The thing that keeps bugging me most is the towns. They're pretty big, and there are lots of nooks and crannies to explore, but boy are they dead. There are plenty of people milling about, but don't even think about meeting any interesting NPCs or even overhearing much in the way of gossip. The markets are full of NPCs who do nothing, despite the fact that their animation suggests that they're hawking their wares, and they'll stay there and continue doing just that even in the midst of a heated battle.

Interiors suffer from the same problems; they're basically glorified scavenger hunts, where you can freely prowl through someone's house and rob them blind without so much as a second glance. RPGs are supposed to be immersive, but it's hard not to shake your head at something like that. To be fair, The Witcher 2 suffered from a similar problem when it came to looting people's houses, but that game's environments felt very interesting and alive. Here, they're just dead, plain and simple.

I hate to keep comparing this game to The Witcher, since they're really not all that similar, but one other thing that I thought was missing was hawt secks. Really. How can you have Game of Thrones without naked people in the background of every crucial scene? Just when I thought people were warming up to the idea of pixelated nudity...

Furthermore, for a western style RPG, I thought this game was a little bit on the linear side. You have plenty of choices when it comes to dialogue, and those choices do have consequences, but overall I thought the gameplay leaned a bit too much towards the linear side. I understand that when you're working with an established setting you have to follow certain limits to keep from getting in the way of the 'main' events, and I'm not saying it should be like The Elder Scrolls. Still, just opening the world and story progression up a little bit would do wonders.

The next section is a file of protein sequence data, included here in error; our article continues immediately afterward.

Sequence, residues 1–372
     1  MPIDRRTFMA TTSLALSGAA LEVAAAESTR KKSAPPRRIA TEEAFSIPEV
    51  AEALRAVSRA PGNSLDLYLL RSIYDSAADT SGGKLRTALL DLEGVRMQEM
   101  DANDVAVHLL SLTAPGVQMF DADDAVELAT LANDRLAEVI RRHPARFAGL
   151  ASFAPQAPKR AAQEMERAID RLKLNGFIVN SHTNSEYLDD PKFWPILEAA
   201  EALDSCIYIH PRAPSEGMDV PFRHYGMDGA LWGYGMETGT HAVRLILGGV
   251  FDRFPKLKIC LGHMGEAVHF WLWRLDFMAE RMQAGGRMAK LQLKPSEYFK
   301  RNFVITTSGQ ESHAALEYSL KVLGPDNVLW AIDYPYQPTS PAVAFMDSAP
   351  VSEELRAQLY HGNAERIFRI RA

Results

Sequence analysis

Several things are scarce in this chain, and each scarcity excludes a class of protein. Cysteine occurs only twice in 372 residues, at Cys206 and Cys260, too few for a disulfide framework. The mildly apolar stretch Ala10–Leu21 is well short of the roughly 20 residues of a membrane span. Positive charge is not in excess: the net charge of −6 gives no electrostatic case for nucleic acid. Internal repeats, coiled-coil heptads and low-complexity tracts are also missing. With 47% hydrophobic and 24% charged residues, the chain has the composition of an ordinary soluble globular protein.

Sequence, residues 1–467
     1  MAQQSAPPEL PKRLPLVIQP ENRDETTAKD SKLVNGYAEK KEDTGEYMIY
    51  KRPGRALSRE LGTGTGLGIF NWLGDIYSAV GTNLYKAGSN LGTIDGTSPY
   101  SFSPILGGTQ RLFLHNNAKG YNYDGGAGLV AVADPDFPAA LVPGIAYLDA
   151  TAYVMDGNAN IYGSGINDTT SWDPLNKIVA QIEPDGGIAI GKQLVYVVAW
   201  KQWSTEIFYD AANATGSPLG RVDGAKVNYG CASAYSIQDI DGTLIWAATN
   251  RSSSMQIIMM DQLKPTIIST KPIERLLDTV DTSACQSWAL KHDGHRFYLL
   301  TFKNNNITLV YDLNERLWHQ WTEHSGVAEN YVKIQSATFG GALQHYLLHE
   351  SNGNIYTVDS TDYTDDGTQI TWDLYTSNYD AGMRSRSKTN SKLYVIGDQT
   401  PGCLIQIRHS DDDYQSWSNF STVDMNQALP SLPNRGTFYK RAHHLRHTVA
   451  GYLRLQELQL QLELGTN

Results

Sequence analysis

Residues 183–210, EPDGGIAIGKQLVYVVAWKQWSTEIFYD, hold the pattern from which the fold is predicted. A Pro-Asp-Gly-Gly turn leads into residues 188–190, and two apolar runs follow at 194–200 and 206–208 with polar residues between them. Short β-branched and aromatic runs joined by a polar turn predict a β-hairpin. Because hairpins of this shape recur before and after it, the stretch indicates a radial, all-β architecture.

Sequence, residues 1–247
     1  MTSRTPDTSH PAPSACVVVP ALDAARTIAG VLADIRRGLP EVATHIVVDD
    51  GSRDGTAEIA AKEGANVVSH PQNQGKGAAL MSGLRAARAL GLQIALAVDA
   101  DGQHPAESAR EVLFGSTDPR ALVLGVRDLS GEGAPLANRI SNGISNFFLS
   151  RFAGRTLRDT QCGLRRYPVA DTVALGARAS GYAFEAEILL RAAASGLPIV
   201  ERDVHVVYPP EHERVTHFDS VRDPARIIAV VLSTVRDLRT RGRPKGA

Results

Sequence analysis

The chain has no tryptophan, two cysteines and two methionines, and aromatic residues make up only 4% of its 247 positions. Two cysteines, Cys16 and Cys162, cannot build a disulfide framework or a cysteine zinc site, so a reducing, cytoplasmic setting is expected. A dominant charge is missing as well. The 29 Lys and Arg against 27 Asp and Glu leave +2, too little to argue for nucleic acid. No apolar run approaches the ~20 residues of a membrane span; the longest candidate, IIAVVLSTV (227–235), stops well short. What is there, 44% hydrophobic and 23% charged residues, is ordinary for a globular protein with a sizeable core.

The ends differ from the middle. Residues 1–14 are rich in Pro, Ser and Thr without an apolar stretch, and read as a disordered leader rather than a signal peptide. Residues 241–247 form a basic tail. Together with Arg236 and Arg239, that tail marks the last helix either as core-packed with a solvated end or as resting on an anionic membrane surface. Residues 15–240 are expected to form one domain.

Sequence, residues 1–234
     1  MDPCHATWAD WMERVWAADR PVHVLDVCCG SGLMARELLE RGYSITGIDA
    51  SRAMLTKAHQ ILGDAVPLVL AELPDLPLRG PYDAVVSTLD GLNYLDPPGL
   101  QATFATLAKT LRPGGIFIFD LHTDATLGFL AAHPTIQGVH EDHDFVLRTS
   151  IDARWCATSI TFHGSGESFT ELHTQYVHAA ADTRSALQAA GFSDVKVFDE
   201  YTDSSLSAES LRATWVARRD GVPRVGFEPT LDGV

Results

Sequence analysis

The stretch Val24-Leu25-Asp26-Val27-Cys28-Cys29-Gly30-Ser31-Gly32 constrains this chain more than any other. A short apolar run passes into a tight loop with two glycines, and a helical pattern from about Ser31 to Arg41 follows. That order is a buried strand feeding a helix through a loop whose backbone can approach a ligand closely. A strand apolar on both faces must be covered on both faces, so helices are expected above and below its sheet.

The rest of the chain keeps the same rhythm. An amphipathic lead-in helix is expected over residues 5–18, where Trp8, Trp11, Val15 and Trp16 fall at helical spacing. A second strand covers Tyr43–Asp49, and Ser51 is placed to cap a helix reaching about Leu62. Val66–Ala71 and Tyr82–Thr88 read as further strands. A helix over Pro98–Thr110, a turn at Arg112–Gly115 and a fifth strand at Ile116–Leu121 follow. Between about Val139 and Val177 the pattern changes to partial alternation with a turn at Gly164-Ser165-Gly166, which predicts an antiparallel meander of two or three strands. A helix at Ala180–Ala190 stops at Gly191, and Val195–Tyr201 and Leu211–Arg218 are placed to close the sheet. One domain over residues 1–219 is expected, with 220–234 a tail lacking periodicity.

Don't get me wrong, there are still moments when the game shines, like getting to choose between brutally quashing a rebellion or disarming the masses through diplomacy, and I do plan on playing it all the way through. The fact that I'm a huge fan of the books probably makes it a little easier for me to overlook some of the game's flaws, and I'm not going to lie and say they aren't there just because I want to like the game.

I'm really not sure how much enjoyment is here for someone who isn't already a fan of the books or the series. As far as the story goes, I don't think there's anything to keep people new to the setting from getting in to it, since there's plenty of explanations via 'info dumps' in narration, dialogue and books. But at the same time I'm just not sure if they'll be able to get over the flaws and enjoy the game.

On the other hand, if you're already a fan, I'd say it's definitely worth picking up. From time to time the game does shine, and there's plenty of potential here. If you're already invested in the world, I think you'll still have fun.

Basically, Game of Thrones is a little unpolished, but many of its problems are fairly superficial. I can see a lot of improvements coming from an expansion or a sequel, and I really do hope that it's successful enough to give the developers a chance to hone their skills and make the stellar game that George R.R. Martin's world so desperately deserves.

Discuss Game of Thrones on the forums

Report a problem with article
Next Article

Chrome overtakes Internet Explorer in market share

Previous Article

NVIDIA launches budget graphics cards

Join the conversation!

Login or Sign Up to read and post a comment.

1 Comment - Add comment